7 Tipu Sultan and Doordarshan
K. GOVINDAN KUTTY
It was Bhagwan Gidwani’s obvious intention to extol Tipu Sultan when he wrote what he called a “historical novel” - The Sword of Tipu Sultan. Sanjay Khan’s approach to the subject could not have been different when he embarked on his controversial tele-film project based on Mr. Gidwani’s book. Whether their adulation of Tipu is consistent with facts of history is what an expert panel set up by the Ministry of information and Broadcasting is supposed to determine. But Doordarshan’s predicament is that it may still not be able to telecast ‘The Sword of Tipu Sultan’ without intensifying Hindu resentment in Kerala where considerable sections of people regard the “Tiger of Mysore” as an inveterate tormentor, and a symbol of religious bigotry.
What is questioned is not Gidwani’s right to hold and spread his view of Tipu, or Sanjay Khan’s endeavour to show him up as an apostle of patriotism and secularism. What is resisted is the move to use a nationally-owned medium to glorify a historical figure whose name is intimately associated with torture and forcible conversion of Hindus in one part of the country. Generations upon generations of Hindus have known the stories of Tipu’s depredations in Kerala. They cannot view with equanimity Doordarshan’s portrayal of him as a noble king. The stories were not concocted by the British; they were only told by them.
It may not be true technically that whatever image of Tipu or for that matter of any other individual is projected through Doordarshan should be deemed to have tacit official recognition. But can Doordarshan permit an alternative portrayal of Tipu in a perspective in which the irate Hindus of Malabar view him?
Long before Gidwani came out with his “historical novel” in 1976, there were attempts in Kerala to depict Tipu as a hero and a reformer. In a book in Malayalam published in 1959, P.K. Balakrishnan glorified Tipu, giving him credit for attempting to restructure the ownership of land in Malabar and discouraging decadent customs and traditions. No one thought of burning that book. It was just taken as another point of view albeit outrageous.
Some years later - well before Gidwani came out with his eulogy - there was a still more breathtaking re-evaluation of Tipu’s exploits in Malabar. Its author, C.K. Kareem, a former editor of the Kerala State Gazetteer, went so far as to show Tipu as a philosopher and a great sufi, who viewed the whole cosmos as a mosque! Kareem’s “finding” was that Tipu came to be painted black just because those who wrote history in Kerala were the descendants of people who had to suffer hardships after his advent. His argument was that the repression represented by Tipu was not for the sake of Islam but to govern a newly-conquered territory.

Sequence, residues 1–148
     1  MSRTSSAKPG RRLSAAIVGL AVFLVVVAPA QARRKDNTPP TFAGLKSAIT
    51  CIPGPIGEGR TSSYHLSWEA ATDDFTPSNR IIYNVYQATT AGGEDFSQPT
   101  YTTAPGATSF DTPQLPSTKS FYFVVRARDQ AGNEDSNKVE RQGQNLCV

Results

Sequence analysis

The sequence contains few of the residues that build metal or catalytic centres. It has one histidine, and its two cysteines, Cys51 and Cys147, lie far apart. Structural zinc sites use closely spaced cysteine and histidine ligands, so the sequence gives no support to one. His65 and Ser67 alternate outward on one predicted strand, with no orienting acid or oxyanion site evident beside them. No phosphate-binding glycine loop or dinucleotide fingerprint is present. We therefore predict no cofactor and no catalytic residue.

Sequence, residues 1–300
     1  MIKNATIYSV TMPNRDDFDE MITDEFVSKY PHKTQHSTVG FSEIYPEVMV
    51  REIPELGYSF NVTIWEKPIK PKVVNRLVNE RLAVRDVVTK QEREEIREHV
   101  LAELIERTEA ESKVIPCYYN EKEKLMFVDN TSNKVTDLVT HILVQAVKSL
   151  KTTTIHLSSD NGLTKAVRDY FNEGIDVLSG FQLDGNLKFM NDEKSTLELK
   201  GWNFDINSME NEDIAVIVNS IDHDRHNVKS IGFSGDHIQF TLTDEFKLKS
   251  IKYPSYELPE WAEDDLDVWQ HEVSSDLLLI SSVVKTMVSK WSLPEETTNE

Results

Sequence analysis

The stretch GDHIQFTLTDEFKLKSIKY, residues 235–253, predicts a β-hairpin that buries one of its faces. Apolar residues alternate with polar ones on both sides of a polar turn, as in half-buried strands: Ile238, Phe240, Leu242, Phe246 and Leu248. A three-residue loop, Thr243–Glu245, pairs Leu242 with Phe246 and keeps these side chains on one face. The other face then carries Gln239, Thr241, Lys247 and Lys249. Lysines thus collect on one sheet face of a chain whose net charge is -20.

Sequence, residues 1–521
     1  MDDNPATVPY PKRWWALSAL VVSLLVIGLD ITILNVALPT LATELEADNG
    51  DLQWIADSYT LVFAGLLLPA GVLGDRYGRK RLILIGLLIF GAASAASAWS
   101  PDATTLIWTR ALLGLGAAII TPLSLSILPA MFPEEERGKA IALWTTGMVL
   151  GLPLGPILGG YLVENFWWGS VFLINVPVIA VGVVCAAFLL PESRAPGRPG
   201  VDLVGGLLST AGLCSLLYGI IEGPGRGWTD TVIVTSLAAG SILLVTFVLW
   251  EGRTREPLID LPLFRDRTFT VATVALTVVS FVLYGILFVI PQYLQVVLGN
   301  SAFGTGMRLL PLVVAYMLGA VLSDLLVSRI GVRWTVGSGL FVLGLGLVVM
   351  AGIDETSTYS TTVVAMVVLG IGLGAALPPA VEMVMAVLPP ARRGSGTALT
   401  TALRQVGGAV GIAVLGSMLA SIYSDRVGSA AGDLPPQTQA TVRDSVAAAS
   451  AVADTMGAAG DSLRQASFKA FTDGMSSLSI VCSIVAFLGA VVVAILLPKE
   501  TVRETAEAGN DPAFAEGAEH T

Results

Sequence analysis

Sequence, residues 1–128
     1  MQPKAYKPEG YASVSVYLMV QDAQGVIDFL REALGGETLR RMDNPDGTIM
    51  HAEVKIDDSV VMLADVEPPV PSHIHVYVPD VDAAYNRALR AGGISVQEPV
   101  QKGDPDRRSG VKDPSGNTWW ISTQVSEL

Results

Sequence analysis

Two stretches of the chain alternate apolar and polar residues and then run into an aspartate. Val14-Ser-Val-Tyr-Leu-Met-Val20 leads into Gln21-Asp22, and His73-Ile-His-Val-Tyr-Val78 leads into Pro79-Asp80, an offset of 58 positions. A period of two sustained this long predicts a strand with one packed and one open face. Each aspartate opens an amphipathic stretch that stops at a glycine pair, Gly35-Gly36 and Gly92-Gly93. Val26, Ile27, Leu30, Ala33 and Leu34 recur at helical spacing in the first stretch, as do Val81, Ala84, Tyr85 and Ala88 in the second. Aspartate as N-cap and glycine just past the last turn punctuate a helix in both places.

The views such as those of Balakrishnan, Kareem and Gidwani have been vehemently contested, but no one has questioned their right to hold such views and propagate them. The movement to resist the glorification of Tipu based on Gidwani’s book, which is no more profuse in the praise of its subject than Balakrishnan’s or Kareem’s, has taken roots mainly because a government medium run with public money is sought to be used to give credence to an assessment which is not only painful to a segment of the people but also debatable. The Hindu view of Tipu’s conquest of Malabar has not changed in spite of Balakrishnan’s and Kareem’s attempt to make him out as a sufi and a reformer. The historical view taken by K.M. Panicker and K.P. Padmanabha Menon and showing Tipu as a tormentor, continues to hold sway.
The Hindu reaction should also be viewed against the backdrop of minority petulance to which Kerala has been a witness in recent years. A case in point is the instant removal from a college textbook of a literary appreciation of Nikos Kazantzakis’s Last Temptation of Christ. A few years ago, an opposition member subsequently a minister - demanded withdrawal of that book on the ground that it contained a vilification of Christ. No one wanted to be told that no Christian could be more pious than Kazantzakis.
When a theatre adaptation of the novel, admittedly clumsy, was attempted, clergymen as well as laymen rose in revolt and the play was readily banned. The ban continues in spite of the change of government. It is amusing to recall that those now in power had, when they were not in power, described the ban as tantamount to surrendering the freedom of artistic expression to clergymen. Hail Pseudo-Secularists!
Hindu passions were roused again following an agitation for permission to build a church in the precincts of Sabarimala Temple where St. Thomas was supposed to have installed a cross even though many hold that there was just not enough evidence to establish that St. Thomas came to Kerala and set up a church at Nilakkal and six other places. But the minorities had their way.
In view of all this, if Doordarshan telecasts “The Sword of Tipu Sultan” it will only vitiate the atmosphere.
Indian Express, April 12, 1990